Zibotentan. Another endothelin-A receptor antagonist, zibotentan (or ZD4054), has undergone testing in phase I and II studies. A phase II study randomly assigned patients with metastatic CRPC to receive placebo or zibotentan; study investigators found that time to progression was not different between the two groups, but overall survival was significantly different (23.5 months vs 17.3 months; HR, 0.65 [80% CI, 0.49–0.86]; P = .052). Final analysis demonstrated that there were fewer new metastases to bone with 10 mg zibotentan than with placebo (treatment ratio, 0.83; 80% CI, 0.70–0.98; P = .155), but this was not seen with 15-mg dosing (although the latter cohort did have a slightly higher number of baseline bony metastases).
Currently, there are multiple phase III trials underway for both atrasentan and zibotentan as combination therapy with docetaxel in patients with metastatic CRPC; primary outcomes are progression-free survival and overall survival.[77-79] Some survival advantage with this class of drugs and trends towards increased efficacy in patients with metastatic lesions to bone have been seen; we await the final results of the combination trials for final assessment of these drugs with respect to treatment of bony disease, pain, and progression of disease.
Clusterin functions as a cytoprotective chaperone protein that is upregulated with therapy-induced cell stress; clusterin has been identified as a potential therapeutic target in CRPC. OGX-011 (Custersin) is complementary to the clusterin mRNA translation initiation site, thereby inhibiting its translation into function product. A randomized controlled trial comparing docetaxel plus prednisone with or without OGX-011 in the treatment of patients with metastatic CRPC demonstrated promising results. Overall survival was 23.8 with OGX-011 vs 16.9 months without OGX-011 (HR, 0.50; 95% CI, 0.29-0.87). A second randomized controlled trial examined OGX-011 in combination with docetaxel or mitoxantrone(Drug information on mitoxantrone) as second-line therapy in patients with metastatic CRPC after progression on docetaxel therapy. Overall survival was 15.8 months in the docetaxel plus OGX-011 arm vs 11.5 months in the mitoxantrone plus OGX-011 arm, comparing favorably to cabazitaxel. Phase III studies of OGX-011 are underway, with one exploring survival as a primary endpoint and another examining pain palliation.[83,84]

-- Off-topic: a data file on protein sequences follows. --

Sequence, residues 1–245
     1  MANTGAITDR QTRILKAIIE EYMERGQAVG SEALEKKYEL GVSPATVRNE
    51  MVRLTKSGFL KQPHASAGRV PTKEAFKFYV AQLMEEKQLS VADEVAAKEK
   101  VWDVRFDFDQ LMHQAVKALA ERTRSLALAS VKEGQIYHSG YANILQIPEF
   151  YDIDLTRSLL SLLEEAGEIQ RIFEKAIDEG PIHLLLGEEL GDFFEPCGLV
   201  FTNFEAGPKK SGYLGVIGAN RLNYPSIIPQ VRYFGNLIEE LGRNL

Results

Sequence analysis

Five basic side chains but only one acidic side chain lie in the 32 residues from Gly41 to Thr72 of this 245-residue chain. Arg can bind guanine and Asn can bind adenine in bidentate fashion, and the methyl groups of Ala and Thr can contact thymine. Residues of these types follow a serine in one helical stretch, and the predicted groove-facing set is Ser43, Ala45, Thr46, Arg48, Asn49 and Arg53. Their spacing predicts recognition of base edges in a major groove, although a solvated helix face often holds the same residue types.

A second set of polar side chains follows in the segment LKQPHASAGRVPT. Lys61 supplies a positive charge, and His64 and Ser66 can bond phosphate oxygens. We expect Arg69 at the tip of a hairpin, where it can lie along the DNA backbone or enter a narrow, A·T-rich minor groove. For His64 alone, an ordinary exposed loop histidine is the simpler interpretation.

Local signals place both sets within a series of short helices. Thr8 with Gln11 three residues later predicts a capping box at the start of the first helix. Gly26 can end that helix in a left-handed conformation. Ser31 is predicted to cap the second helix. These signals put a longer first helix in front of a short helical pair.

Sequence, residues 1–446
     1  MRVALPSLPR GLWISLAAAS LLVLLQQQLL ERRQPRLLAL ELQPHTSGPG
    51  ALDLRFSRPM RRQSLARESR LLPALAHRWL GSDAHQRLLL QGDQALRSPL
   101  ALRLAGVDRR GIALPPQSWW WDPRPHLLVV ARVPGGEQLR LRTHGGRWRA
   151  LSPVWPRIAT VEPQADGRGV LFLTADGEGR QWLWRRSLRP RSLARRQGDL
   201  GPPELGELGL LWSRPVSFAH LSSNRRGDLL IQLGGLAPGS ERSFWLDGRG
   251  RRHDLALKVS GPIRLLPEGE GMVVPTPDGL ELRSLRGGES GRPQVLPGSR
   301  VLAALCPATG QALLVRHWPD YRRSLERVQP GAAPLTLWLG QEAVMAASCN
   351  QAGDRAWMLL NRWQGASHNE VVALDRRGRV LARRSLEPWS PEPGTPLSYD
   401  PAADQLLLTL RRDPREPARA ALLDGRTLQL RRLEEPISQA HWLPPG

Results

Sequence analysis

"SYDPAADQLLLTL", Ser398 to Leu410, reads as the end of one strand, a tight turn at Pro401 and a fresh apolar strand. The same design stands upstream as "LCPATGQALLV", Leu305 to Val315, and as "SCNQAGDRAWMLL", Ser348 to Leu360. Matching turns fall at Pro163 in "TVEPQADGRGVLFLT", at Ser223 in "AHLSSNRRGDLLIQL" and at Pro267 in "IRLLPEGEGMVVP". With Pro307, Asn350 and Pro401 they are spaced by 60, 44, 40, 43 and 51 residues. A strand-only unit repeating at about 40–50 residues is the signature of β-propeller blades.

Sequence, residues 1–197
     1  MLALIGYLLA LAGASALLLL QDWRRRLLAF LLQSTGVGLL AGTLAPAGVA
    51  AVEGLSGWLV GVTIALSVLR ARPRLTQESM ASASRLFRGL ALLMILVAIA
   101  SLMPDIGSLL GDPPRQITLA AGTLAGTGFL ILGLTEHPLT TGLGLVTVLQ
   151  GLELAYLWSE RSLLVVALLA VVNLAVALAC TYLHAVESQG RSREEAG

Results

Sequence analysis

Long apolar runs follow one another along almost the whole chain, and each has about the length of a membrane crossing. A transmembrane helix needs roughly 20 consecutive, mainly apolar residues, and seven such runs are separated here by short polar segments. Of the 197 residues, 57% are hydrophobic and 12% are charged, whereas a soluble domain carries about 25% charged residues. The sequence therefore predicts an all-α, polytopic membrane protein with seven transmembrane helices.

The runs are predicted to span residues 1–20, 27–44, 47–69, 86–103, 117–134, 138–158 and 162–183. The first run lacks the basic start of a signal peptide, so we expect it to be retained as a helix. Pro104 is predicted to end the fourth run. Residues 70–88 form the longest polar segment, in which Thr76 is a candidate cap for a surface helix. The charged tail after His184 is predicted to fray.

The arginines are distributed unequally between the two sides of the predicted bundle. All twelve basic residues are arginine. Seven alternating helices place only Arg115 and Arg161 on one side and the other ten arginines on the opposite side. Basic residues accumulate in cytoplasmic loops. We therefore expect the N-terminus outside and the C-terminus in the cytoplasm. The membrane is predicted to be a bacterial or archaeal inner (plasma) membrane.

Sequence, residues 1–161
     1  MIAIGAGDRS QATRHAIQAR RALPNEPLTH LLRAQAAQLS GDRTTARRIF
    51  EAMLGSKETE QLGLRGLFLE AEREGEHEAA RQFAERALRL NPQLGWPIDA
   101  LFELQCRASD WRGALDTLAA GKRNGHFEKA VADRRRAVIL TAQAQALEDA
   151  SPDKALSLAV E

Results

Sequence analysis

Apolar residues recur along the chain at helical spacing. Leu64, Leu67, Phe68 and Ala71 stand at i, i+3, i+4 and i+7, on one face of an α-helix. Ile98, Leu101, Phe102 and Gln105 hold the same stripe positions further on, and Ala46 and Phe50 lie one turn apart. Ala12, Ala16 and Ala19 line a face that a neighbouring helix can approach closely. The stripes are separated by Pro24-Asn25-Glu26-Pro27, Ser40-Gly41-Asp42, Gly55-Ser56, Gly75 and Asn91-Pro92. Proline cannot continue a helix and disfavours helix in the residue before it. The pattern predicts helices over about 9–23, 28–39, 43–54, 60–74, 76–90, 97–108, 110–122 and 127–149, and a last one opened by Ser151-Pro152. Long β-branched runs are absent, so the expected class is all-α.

Alpha particles consist of two protons and two neutrons, similar to a helium nucleus. They are highly ionizing and have low penetration depth, affecting only nearby tissues and limiting toxicity. There is currently only one alpha-emitting radionuclide under investigation, radium-223 (223Ra; Alpharadin).
Initial phase I data, published in 2005, included 15 PCa and 10 breast cancer patients. Each patient received a single dose of 223Ra, with the doses ranging in intensity from 46 to 250 kBq/kg. Grade 3 neutropenia and leucopenia occurred in two and three patients, respectively. Ten of the 25 patients experienced transient diarrhea. Nausea and vomiting were more frequently observed in the highest dosage group. Notably, pain relief was reported by 52%, 60%, and 56% of the patients after 7 days, 4 weeks, and 8 weeks, respectively. 223Ra was noted to clear rapidly from blood and was below 1% of initial level at 24 hours. Excretion was primarily gastrointestinal (GI), accounting for the GI-related side effects.
Another phase I dose-escalation study involved 10 men with progressive CRPC with more than two bone metastases; the patients were treated in three cohorts, with dose levels of 50, 100, and 200 kBq/kg. Patients received one treatment at the cohort-defined dose, followed by one optional treatment 6 weeks later at 50 kBq/kg. This study demonstrated no dose-related toxicities. 223Ra accumulated in bone metastases within the first 10 minutes of injection. Three patients suffered grade 3 hematologic toxicities, which were not related to dose level. 223Ra was well tolerated at doses up to 200 kBq/kg.
Another study examined dosimetry and biodistribution of 223Ra in six patients with CRPC and bone metastases. Doses of absorbed radiation were calculated for various tissues: red marrow, 0.23 Gy/MBq; and lower large intestine wall, 0.05 Gy/MBq. As decaying alpha particles are released from 223Ra, their short range (< 100 µm) affects only a small volume of red marrow, likely accounting for a favorable safety profile even in patients with extensive skeletal metastatic disease.